At its meeting today, the Reserve Bank of Australia raised the cash rate by 0.25 percentage points to 3.85%. This article takes you through the reasons for the rate increase and what the latest cash rate hike means for your home loan. In his statement on the decision, RBA governor Dr Philip Lowe said, “Inflation in Australia has passed its peak, but at 7% is still too high and it will be some time yet before it is back in the target range. Given the importance of returning inflation to target within a reasonable timeframe, the board judged that a further increase in interest rates was warranted today.” He further explained, “A significant source of uncertainty continues to be the outlook for household consumption. The combination of higher interest rates, cost-of-living pressures and the earlier decline in housing prices is leading to a substantial slowing in household spending. While some households have substantial savings buffers, others are experiencing a painful squeeze on their finances. There are also uncertainties regarding the global economy, which is expected to grow at a below-average rate over the next couple of years.” We’ve already had multiple messages from our clients about refinancing home loan following the news today, signifying that this last rate hike may be really starting to get people thinking about where they can save money. Let’s look a bit closer at how this latest cash rate increase impacts borrowers, what it means for property values, and what you can do to mitigate any interest rate rise. Alternatively, save yourself some time and book in for a chat about your home loan now by clicking here.

How Does The Cash Rate Affect My Interest Rate?

Lenders add a margin to the official cash rate to determine the variable interest rate they offer to customers. So if you have a variable interest rate, it will almost certainly go up with a cash rate increase. Fixed rate home loans will obviously remain unchanged. In spite of the aggressive interest rate changes, we have recently seen the trend in housing values stabilise, if not show a level of growth in some regions.  The more positive trend is a stark reminder that the performance of housing is influenced by a broad range of factors that go well beyond interest rate settings. This bodes well for those in the market to refinance, as you may have seen some good growth in the value of your property since and an increase in equity may be a consideration.

Why Did The RBA Increase The Cash Rate?

As explained in their statement, the measures taken by the RBA are predominantly focused on a return to target inflation. Although it seems to have passed the peak, at 7% inflation, it is still considered too high. “The Board is still seeking to keep the economy on an even keel as inflation returns to the 2–3 per cent target range, but the path to achieving a soft landing remains a narrow one. The central forecast is for the economy to continue growing, albeit at a below-trend pace; GDP is forecast to increase by 1.25% this year and around 2% over the year to mid-2025. Given the expected below-trend growth in the economy, the unemployment rate is forecast to increase gradually, to be around 4.5% in mid-2025,” explained Dr Lowe.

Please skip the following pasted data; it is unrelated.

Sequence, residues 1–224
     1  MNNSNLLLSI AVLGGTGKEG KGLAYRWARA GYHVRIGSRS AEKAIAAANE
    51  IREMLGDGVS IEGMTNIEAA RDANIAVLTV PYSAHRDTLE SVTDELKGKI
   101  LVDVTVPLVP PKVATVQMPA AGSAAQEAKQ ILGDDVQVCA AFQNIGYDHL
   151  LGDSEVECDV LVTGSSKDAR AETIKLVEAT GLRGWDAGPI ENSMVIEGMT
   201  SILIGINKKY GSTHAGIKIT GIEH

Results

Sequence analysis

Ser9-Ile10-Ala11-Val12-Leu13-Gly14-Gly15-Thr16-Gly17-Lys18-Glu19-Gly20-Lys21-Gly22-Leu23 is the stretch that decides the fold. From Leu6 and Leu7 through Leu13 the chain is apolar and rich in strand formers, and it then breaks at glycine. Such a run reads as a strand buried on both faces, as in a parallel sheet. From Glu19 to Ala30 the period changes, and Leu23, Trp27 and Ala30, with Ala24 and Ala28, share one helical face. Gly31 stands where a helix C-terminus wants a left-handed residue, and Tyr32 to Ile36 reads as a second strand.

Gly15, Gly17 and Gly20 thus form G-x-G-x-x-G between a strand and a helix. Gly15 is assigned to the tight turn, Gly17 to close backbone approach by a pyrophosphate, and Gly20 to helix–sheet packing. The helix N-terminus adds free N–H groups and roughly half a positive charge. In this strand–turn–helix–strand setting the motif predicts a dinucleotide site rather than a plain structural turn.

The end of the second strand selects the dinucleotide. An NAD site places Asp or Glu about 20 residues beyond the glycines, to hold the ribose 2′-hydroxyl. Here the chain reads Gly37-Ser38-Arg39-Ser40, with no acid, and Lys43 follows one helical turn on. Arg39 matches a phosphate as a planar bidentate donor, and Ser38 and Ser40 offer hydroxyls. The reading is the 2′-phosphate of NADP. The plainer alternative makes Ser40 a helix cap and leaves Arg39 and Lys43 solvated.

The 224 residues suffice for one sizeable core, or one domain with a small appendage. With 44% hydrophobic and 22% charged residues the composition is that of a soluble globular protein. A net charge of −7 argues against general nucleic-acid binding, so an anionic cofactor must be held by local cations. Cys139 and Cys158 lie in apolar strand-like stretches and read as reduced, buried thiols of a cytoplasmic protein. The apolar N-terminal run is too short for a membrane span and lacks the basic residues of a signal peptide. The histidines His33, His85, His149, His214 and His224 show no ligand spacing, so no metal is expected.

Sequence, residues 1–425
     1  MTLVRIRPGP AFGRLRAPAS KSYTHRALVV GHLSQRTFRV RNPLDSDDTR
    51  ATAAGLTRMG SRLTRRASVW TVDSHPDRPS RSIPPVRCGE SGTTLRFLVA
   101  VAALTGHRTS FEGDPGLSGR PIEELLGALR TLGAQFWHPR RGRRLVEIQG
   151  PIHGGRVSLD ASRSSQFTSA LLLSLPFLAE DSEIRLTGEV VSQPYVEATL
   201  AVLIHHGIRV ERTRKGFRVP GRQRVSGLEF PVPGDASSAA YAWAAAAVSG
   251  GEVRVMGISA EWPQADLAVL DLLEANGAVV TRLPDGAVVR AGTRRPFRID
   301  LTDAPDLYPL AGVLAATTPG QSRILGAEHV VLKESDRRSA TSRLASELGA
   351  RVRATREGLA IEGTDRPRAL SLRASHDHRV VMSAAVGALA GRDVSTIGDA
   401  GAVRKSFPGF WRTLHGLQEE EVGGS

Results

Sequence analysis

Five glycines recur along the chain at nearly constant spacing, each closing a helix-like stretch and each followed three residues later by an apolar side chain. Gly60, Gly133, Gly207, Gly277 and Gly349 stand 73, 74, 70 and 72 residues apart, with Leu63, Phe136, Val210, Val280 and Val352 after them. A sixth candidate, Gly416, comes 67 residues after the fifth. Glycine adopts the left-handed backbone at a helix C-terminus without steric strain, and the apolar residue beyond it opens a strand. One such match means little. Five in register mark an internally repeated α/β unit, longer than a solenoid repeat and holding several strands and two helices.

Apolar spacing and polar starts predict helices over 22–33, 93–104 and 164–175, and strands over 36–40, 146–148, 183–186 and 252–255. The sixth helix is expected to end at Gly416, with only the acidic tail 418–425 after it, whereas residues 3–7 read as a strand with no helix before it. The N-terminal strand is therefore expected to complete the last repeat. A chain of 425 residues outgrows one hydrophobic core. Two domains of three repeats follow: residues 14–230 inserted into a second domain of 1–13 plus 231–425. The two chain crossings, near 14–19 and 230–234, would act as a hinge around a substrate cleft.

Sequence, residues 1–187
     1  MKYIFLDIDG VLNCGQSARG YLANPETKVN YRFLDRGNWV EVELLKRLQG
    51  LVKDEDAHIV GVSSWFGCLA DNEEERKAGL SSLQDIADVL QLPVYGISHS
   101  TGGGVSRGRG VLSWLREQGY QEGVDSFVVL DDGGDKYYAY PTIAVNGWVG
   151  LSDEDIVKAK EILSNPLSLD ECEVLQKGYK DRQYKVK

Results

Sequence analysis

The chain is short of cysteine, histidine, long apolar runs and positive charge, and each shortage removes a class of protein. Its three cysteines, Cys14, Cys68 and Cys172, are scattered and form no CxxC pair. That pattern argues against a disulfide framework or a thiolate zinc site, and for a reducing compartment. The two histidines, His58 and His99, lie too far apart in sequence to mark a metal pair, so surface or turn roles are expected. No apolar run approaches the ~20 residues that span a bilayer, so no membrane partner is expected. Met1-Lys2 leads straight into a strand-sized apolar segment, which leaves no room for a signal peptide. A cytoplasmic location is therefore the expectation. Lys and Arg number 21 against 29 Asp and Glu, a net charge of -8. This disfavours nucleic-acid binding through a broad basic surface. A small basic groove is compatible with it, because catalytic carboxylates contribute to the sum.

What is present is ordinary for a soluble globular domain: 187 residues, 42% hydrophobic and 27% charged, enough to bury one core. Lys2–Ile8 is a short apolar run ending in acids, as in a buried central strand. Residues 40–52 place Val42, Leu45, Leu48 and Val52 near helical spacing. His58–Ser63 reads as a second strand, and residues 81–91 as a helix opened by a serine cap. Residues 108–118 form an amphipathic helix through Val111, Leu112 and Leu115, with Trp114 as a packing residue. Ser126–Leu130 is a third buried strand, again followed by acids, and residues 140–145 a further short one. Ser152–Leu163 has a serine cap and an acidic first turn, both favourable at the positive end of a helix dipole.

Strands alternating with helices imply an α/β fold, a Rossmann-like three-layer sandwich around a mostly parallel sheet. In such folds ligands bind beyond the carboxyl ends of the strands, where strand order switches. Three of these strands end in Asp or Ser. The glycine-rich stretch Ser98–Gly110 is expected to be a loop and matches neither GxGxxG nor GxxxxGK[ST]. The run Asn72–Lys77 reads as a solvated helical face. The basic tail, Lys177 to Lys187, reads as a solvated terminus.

How High Will The Cash Rate Increase?

This is unknown. Although there is a sentiment among economists that we are nearing the end of the increases; some believe the top of the cycle will be a cash rate of 3.85% – the current figure. Tim Lawless, CoreLogic’s Executive Research Director Asia-Pacific, said “Today’s interest rate decision was always going to be a line ball; however, the 25 basis point lift is likely to be the last in what has been the most rapid rate hiking cycle on record.” “Although inflation has been trending lower since peaking in the December quarter 2022, today’s rate hike reflects the RBA’s uncertainty about how ‘sticky’ inflation might be amid persistently tight labour markets and new evidence that housing prices have moved through their low point,” He said. CoreLogic’s figures released yesterday showed a second consecutive monthly rise in national housing values with each of the four largest capitals recording a lift in values over the rolling quarter.

Lenders reviewing fixed Home Loan rates

Since last month, we have started to see lenders reviewing their fixed rates, which can be often be an indication that we are nearing the end of the rate increases cycle. If you are one of the many borrowers coming out of a fixed rate loan, you might be interested in reading more about the suggested next steps here: https://basehomeloans.com.au/2023/03/20/are-you-on-the-edge-of-a-mortgage-cliff/ For those looking to review their interest rate to investigate any potential cost savings, most of the larger banks are currently advertising variable interest rates at about 5.6%, but there are cheaper rates available in the market, so please get in touch to see what we can do for you. Want to talk about your borrowing options with a Perth mortgage broker? Contact us to get an idea of the best home loan interest rate Perth lenders are offering this week. All lending subject to status and lenders criteria. Terms & conditions apply. This document contains general information only. Your own personal circumstances have not been considered and you should seek independent financial advice prior to making any decision on a financial product.

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